September 23, 2004

The losers

I don't write about football any more. Which is sad in a way, as once upon a time I thought that was going to be my living. There's all sorts of reasons why, but one of them is that while, over the last ten years, it's become easier and easier to publish sports books of no merit or originality whatsoever, I found it was getting harder and harder to have anything published that I particularly wanted to write. I particularly want to write things that I want to say but nobody else seems interested in saying - something which in itself makes it difficult to show that anybody else is going to be interested in reading. It's very difficult. Too difficult. I can't do difficult things any more.

One book I had wanted to write would have been called The Losers. Sport is nearly always written about in terms of winning - even if there are all sorts of disasters on the way, it nearly always ends in victory. We identify with winners, winners are interviewed about being winners, and if they come from the right social circle they end up giving motivational seminars to businesspeople about how to be a winner. Winners are sung about, winners are invited to civic receptions and meetings with the Prime Minister, winners appear on chat shows and become pundits and go on A Question Of Sport.

To say so much is nothing original in itself, just a statement of the obvious and a much-repeated one at that. Even the exceptions are generally exceptions that prove the rule - like Colin Montgomerie and Jimmy White, who are famous for not having won what they prized most, but who should have done - because normally, they're winners. There is the occasional book, or documentary, about fringe players, disillusioned players, teams who lose and always lose - And Smith Must Score - but such things are rare.

Which is odd, and not odd. Not odd because most public interest in sport is about winning. Not only are people mostly interested in the top echelon of any sport, by definition those people who have beaten most of their opponents to get where they are, but they get a great deal more interested when there is the possibility of winning. Tim Henman at Wimbledon would be one sort of example. Another would be the brief but real enthusiasm for winners such as the curling team who won a gold medal at the Winter Olympics, in matches watched by millions of people who had never seen a curling match before, who never would again, and who had not the faintest idea, while watching, what was going on or why. Or the people who watched Paula Radcliffe failing to win the Olympic marathon, an event which normally few people would have patience or motivation to watch.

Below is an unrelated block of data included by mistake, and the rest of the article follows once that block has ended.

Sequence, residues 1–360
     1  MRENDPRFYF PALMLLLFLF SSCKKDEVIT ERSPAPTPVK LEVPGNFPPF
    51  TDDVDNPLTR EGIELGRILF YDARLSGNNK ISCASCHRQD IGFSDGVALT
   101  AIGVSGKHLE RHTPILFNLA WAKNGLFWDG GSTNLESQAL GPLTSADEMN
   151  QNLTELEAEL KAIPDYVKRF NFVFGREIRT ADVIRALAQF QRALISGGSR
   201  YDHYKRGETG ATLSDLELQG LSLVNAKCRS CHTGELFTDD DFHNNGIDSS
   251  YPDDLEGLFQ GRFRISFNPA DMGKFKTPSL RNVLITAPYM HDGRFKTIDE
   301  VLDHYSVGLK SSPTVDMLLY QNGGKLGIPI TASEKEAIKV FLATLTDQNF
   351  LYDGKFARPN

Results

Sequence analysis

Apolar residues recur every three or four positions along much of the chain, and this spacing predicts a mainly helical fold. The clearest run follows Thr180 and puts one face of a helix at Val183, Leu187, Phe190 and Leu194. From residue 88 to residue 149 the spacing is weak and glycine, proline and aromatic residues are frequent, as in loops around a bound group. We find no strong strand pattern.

Not odd, because winning is what sport is about. It is what distinguishes it from other cultural activities. Contests can, and do, take place, even in the performing arts - one thinks, for instance, of the plays which have come down to us from ancient Greece, or all of which were specifically written to be entered for competition. But only in sport is that competition the point, the purpose, the overriding goal, the nature of the thing itself. We try to win - we do not, or not legitimately and honorably, try to lose. So even before we ask why we find it so important to identify with winners, why we consider this important in our lives, winning is what matters, it is what we are fundamentally trying to do.

So not odd. But odd nevertheless. Because for every winner, almost by definition, there must be at least one loser and probably many more. So sport is full of losers, and yet they hardly get a mention. Lionise the plumage, and forget the dying bird. And this is what I wanted to write about. I wanted to talk to people who had lost, mostly to people who had lost and were therefore forgotten when otherwise they would have been remembered. Perhaps members of the Luton Town side of 1985, which lost an FA Cup Semi-Final which they were leading, against all expectations, with about four minutes to go. Their bus passed mine on the way home, and while everybody got up and applauded the players for their effort and their passion spent, I have rarely seen sportsmen look so devastated as these did. The image (and the occasion) has stuck in my mind, and for that reason if no other, I wanted to take it out, look it at and write about what it meant.